This year, the consumption of animal products was definitively linked to the levels of circulating steroid hormones in the blood, regardless of body fat levels. The reason we’re concerned is that the increased consumption of animal-derived food may have adverse effects on the development of hormone-dependent cancers. Among dietary risk factors, these investigators were most concerned about milk and dairy products, because the milk we drink today is produced from pregnant cows, in which estrogen and progesterone levels are markedly elevated. That may be why milk-drinkers have five times the rates of twins compared to vegans—that’s how much of an effect dairy can have on our hormones.

A landmark study was published this year in an international pediatrics journal on just how much estrogen we’re exposed to when we drink milk, given that the majority of commercial milk comes from pregnant cows. During the 60s and 70s, genetic manipulations of dairy cows enabled them to lactate throughout almost their entire pregnancies. That’s why commercial cow’s milk these days contains large amounts of estrogens and progesterone.

During the same period, there’s been a dramatic increase in estrogen-dependent malignant diseases, such as ovarian cancer, uterine cancer, breast cancer, testicular cancer, and prostate cancer. Eating and drinking estrogen is not just a problem for women; research shows that among various food items, cow’s milk and cheese had the highest correlation with the incidence and mortality rate of these male cancers as well.

Especially for prepubescent children, there is particular concern about exposure to exogenous estrogens in commercial milk produced from pregnant cows. So what they did is have young men, ages 19 through 21, and children, ages 7 through 9, try to chug a quart of cow’s milk in under 10 minutes.

This is what happened to the men. The levels of the pregnancy estrogen estrone started to shoot up 60% within an hour of drinking the milk. And their testosterone levels significantly dropped.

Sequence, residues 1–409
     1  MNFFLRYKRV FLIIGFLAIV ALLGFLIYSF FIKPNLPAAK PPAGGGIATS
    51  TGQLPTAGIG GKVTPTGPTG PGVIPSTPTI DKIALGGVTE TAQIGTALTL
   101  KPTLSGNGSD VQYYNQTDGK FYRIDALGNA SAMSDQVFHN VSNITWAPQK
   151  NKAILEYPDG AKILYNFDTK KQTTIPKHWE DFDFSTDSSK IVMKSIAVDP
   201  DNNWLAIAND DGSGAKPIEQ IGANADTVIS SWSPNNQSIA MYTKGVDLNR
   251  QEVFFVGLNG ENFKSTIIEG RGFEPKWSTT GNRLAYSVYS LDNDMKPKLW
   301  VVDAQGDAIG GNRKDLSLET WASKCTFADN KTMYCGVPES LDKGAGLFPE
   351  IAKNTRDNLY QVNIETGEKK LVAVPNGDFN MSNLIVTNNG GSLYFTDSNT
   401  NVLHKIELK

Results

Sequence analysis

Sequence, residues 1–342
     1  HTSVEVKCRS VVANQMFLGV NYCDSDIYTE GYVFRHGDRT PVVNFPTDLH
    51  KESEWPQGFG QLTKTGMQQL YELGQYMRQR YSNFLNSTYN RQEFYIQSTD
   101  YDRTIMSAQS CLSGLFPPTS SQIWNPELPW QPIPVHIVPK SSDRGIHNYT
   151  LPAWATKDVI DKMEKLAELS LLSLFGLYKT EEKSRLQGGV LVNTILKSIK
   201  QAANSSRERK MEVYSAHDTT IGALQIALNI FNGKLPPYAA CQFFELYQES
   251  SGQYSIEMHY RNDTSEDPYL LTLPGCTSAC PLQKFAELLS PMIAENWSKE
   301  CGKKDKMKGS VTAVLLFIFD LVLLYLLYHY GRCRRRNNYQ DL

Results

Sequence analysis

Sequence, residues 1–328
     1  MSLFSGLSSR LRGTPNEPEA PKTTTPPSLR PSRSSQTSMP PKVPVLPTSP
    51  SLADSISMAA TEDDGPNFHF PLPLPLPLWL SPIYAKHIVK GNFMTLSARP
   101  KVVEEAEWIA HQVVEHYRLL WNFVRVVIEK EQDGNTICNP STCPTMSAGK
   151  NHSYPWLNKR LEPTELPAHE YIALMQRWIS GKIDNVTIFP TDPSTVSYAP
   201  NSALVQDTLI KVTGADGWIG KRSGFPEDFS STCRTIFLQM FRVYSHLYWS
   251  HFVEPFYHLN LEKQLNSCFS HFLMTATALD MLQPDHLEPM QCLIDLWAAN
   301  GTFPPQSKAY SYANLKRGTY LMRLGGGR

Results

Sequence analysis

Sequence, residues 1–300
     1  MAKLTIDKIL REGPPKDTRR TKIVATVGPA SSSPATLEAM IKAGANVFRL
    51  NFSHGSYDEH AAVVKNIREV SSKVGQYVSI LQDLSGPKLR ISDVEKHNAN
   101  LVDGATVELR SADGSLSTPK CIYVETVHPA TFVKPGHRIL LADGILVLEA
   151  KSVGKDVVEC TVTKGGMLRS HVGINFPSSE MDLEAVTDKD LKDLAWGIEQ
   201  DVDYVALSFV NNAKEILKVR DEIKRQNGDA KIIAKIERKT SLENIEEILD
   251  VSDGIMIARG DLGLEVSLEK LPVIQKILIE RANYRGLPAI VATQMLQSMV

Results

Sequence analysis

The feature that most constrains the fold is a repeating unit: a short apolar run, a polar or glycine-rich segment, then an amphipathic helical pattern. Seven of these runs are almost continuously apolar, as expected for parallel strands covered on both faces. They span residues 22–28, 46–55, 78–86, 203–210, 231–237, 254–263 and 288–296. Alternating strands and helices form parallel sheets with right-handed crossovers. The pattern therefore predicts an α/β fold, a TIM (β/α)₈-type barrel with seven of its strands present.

You know, there are men who don’t want to drink soy milk because they have an irrational fear of phytoestrogens—even though soy does not have feminizing effects on men. Yet they’re perfectly willing to drink cow’s milk, which has actual estrogen estrogens in it! Within one hour of the milk hitting their intestines, estrogen levels go significantly up, and testosterone levels go significantly down.

What about the children? Same thing, but even more dramatic, because they start out with such low levels. Within one hour of drinking cow’s milk, the level of sex steroid hormones in their little bodies more than triples. And half the kids couldn’t even finish the whole quart.

Why should we care? Because some of these powerful estrogens could be categorized as carcinogens, and milk is a rich source of these hormones, and concentrates in mammary drainage. Never seem to see that in the advertisements.

The corresponding suppression in testosterone secretion means that men are certainly affected by commercial cow’s milk. And height, growth, and sexual maturation of young children could also be affected by normal intake of cow’s milk.

As I talked about in the last volume, recent surveys on the onset of puberty show an alarming trend of earlier sexual maturation in girls. During this same time period, exposure to exogenous (meaning external) estrogens, through intake of commercial milk produced from pregnant cows, has spread around the world. They think that this intake of pregnant cow’s milk is one of the major causes of early sexual maturation in young children. This relationship between estrogens in pregnant cow’s milk, and sexual maturation in children, must be acknowledged as an important theme.

Please consider volunteering to help out on the site.

37 responses to “Dairy & Sexual Precocity

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  1. Dr. Greger, are there studies about early puberty and non-milk dairy (yogurt, cheese, etc)? I assume there would be as much bovine endocrine debris in these products as the milk they were made from, but do we know?

  2. Hi Dr. Greger – My husband has prostate cancer and after two unsuccessful surgeries (brachytherapy and cryosurgery) he is now being given hormone treatments in a drug called Lupron. If prostate cancer is an estrogen-dependent disease, as you state in this video, why would the docs be feeding it to him to slow down the cancer growth?

    Here’s a partial definition of estrogen in the American Heritage Dictionary: “. . . substances that. . . are used to . . . ameliorate cancers of the breast and prostate.”

    What am I missing?

    Thank you so much for the excellent work you do!